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Sarah Dye
Sarah Dye

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Skillcrush Web Design Fundamentals

The design process is very similar to the writing process writers use to write a paper. Although the design process is different for every designer, they use an organized process to help them learn about the project they are building and the users they are trying to reach. Today's post begins week two of Skillcrush 100.

Now that you have a wireframe, it is time to start concentrating on the smaller details. This means figuring out what colors to use, the right typography, and how the website organizes content. When you get to this stage, it can be very overwhelming because there are so many choices.

Many designers recommend keeping things simple. Less is more in the matters of design and some of the best site designs online do not have a lot of detail on them. Although there is no right or wrong way to design, Skillcrush reviews important concepts that will help you create an amazing website.

For this post, I am going to explain the first three lessons in week two. These lessons cover some basics of branding, proportions, and grid systems.

What is the look & feel of your website?

Before you can start picking out color palettes, it is important to start thinking about the overall look and feel of a website. The look and feel of a website make up the brand. Branding is very important for web design because that is what gives a website its personality.

Many factors define a brand's visual design. Designers think about the logo, color palettes, typography, and tone when they are forming the visual design of a site. Therefore it is important designers understand and know the brand they are working with to translate the brand into the visual design.

To understand the brand, web designers use case studies and mood boards to show what the site is going to look like. These resources show clients how elements work together to show users the personality of the brand. It shows the client how you translated the given information into visual design.

It doesn't matter if you use a standard case study format or a mood board. The goal of these resources is to find the right direction for the product you are making. As you walk through the mood board with a client, you will want to explain why you made these design choices and how this will meet their needs as well as attract users to their websites.

When I took the web design blueprint, this stage was the most challenging one to complete.

I didn't know what the visual design for my site was going to look like. There were so many options I could choose from that I got overwhelmed very quickly. If you aren't sure where to start, start looking at what the client already has then check out some of the competitor websites to see what they have done.

Now that you know the type of user you are trying to reach, you can do a Google search to see what design elements that user likes. A great resource to help you get inspired and find information is Pinterest. If you search "mood boards" or "color palettes for websites", you will find tons of results that show the inspiration behind a website design.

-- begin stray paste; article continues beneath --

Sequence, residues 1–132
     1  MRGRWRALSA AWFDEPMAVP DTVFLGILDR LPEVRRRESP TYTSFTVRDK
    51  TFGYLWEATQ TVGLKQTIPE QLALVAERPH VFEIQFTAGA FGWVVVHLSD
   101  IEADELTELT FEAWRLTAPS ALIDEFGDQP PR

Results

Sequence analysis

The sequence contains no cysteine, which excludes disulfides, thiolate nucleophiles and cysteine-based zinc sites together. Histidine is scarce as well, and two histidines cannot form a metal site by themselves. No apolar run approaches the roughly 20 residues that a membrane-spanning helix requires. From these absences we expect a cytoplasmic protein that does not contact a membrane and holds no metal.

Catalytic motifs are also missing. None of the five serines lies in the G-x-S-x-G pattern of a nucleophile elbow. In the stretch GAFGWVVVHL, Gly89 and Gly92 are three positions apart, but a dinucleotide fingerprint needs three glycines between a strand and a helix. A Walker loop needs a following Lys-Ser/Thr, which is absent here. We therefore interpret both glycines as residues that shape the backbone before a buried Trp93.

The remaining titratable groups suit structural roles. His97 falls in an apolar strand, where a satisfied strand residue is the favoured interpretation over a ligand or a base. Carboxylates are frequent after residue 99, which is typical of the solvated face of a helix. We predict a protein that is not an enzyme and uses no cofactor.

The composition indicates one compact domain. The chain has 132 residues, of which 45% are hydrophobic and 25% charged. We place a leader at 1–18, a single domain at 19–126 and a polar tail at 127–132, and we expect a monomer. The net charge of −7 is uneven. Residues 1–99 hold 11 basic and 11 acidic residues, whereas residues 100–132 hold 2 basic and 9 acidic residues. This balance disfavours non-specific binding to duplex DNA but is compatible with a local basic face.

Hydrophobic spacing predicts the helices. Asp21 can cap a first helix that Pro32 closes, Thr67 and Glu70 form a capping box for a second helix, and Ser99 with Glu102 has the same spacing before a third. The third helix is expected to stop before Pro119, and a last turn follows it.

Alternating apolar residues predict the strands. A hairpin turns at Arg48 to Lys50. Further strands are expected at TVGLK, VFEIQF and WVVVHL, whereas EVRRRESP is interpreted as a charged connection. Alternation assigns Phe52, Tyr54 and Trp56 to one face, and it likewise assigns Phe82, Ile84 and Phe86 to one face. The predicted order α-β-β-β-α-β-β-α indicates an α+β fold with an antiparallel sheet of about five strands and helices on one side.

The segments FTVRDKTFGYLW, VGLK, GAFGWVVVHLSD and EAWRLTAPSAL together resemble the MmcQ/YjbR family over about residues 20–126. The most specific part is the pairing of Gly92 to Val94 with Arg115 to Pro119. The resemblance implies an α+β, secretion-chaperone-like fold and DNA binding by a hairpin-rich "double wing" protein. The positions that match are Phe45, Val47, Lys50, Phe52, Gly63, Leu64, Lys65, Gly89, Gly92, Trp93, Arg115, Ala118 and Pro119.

Use proportions to make sense of your page.

Once the designer and the client are on the same page as the design, designers can start playing with the proportions. Skillcrush defines proportions as the relationships between the parts of the whole project. Designers use this principle to make sure everything makes sense on the page to achieve the intended mood from the case study or mood board.

For example, Skillcrush showed samples of how changing the font size of a headline can affect the proportions of the body of the text. As you work with your designs, you want to check to see if the look feels right. Are there some things that need to be changed?

The final design you create must have all the elements working together to achieve the desired effect in the case study or mood board. The wrong proportions on one element can throw off the entire look of the project you are creating.

The Rule of Thirds

Skillcrush teaches two ratios used in web design. The first is the rule of thirds. Designers divide the canvas into thirds and arrange objects to sit within different sections.

This approach is very appealing to websites because it spreads the visual weight of a website. Think of this rule as a way of guiding readers on what to focus on. The visual weight is determined by how important content is on the site.

For example, take a look at this blog post. The most important content on this page is the content you are reading. Therefore the post takes up a majority of the space on the web page while the sidebar contains the rest of my content. This is where I put links to social media and previous blog posts.

If you want to use the rule of thirds on your website, think about what is the most important thing users need to look at on your site then set up your site to show how much content you should have on your website. The most important information should be given the most space on your website while other items get less space. To decide what elements go where try thinking about what the intended result of the website is.

What do you want your users to do when they are on the website? Once you know the call to action, put the content that gets users to your result in areas where users can see this.

The Golden Ratio